My second five-star book of the year!
“Forever” follows Cormac O’Conner, an Irishman from the 1730s, who becomes gifted with long life through a series of spectacular and semi-magical events after he immigrates to New York. There’s one catch to his near-immortality, though: he can never leave Manhattan Isle. He becomes penned into the island’s boundaries where he watches the dank little Hudson River town turn into the roiling metropolis of the modern era. He lives through British soldiers fighting Washington’s troops in the forests around the city, he endures the long miasma and water deprivation of the 1830s, and then befriends Boss Tweed during the city’s corrupt Victorian age. He watches the rise of computers and the fall of the Twin Towers as the city’s progress and expansion marches on and on. Throughout his life he knows love and tons of loss as he time and again has to watch his friends and lovers grow old and die away. This isn’t to say he doesn’t take advantage of having a life that never ends; Cormac reads, paints, studies, works for newspapers, teaches himself music and languages, and works in every field that interests him. He’s a true Renaissance man, although it would probably be hard to not be after living some three hundred years.
Hamill is a fabulous writer who not only paints a picture of old New York through the ages, but he makes those images move. The book has a very “Station 11” feel to it in the way Hamill structures his piece. Every era comes alive in startling, minute detail that makes the reader nostalgic for what the city once was while simultaneously capturing the darkness and corruption that reigned supreme decade after decade. Starting with the slave trade and all the way up to big city bankers, Hamill’s not afraid to shy away from the deepest, darkest depths of New York’s seedy past, nor is he afraid to go into the details of the class divide and warfare that still exists today. Hamill’s characters are moving and well rounded, taking us on a journey with Cormac and making us love them so much that we are just as crushed as Cormac when he buries them. We know; we know that he will outlive them, but their passing away is painful nonetheless. Sometimes from the absolute brutality of it, and sometimes just because of the loss. And yet Cormac lives on.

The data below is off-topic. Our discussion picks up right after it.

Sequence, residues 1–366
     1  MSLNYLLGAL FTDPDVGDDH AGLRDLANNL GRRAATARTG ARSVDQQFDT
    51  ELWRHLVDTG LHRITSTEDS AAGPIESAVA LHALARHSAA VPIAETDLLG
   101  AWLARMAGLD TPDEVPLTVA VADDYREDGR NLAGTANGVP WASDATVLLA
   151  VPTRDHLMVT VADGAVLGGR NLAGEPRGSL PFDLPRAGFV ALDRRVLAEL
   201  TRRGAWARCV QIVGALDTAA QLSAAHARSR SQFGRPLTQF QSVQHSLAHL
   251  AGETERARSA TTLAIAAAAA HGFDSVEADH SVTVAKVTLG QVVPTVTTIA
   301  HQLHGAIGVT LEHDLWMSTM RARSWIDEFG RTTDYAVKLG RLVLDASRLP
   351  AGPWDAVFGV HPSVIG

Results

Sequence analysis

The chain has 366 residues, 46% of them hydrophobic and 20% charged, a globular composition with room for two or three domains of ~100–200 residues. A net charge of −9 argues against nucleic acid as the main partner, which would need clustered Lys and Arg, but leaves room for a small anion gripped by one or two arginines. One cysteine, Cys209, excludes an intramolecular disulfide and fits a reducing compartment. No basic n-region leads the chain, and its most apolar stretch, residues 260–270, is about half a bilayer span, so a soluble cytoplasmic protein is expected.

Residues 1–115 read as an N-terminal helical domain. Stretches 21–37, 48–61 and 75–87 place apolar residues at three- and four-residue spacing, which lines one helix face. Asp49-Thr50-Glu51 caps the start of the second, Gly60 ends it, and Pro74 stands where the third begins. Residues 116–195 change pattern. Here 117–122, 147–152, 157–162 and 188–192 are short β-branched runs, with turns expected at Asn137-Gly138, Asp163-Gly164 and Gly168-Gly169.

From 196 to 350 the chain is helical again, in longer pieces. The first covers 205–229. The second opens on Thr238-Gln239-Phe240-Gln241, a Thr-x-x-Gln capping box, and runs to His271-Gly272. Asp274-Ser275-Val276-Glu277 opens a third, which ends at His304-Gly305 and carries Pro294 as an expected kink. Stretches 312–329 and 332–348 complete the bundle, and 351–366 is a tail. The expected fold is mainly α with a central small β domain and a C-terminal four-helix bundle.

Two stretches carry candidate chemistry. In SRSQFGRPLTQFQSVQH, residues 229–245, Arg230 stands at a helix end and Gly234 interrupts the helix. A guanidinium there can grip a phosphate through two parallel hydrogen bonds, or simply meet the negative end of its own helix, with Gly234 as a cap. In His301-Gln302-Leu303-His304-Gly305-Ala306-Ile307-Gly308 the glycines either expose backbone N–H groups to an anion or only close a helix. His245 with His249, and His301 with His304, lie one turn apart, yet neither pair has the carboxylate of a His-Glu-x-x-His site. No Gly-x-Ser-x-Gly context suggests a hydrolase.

This book totally gets 5 stars because I loved it; I loved spending time with the characters, I loved walking through time as the city undulated and changed and remade itself, and the last quarter of the book focusing around 9/11 d*mn near broke me, so it gets a full star just for that. However, sometimes it was seemed like Hamill was trying a little too hard to make Cormac into the super-good guy. There were some serious eye-roll inducing sections about Cormac’s character that made me say “because of course he can speak 5 languages, and he makes friends with all the African slaves, and he’s the anonymous voice of the people in his newspaper editorials, and no one ever seems to question his morals or motive….” Cormac is a nice guy, but there were times when I think Hamill became more excited about the setting Cormac was sitting in, and less about who Cormac was in those settings. In the grand scheme of the book, it’s a minor complaint, and became more of a laughable moment for me as I read than something that cheapened the story, but even so, Hamill’s knowledge of New York City’s history and his dazzling ability to bring it to life allows me to overlook his conveniently too-good main character and still give this the whopping 5 stars it deserves.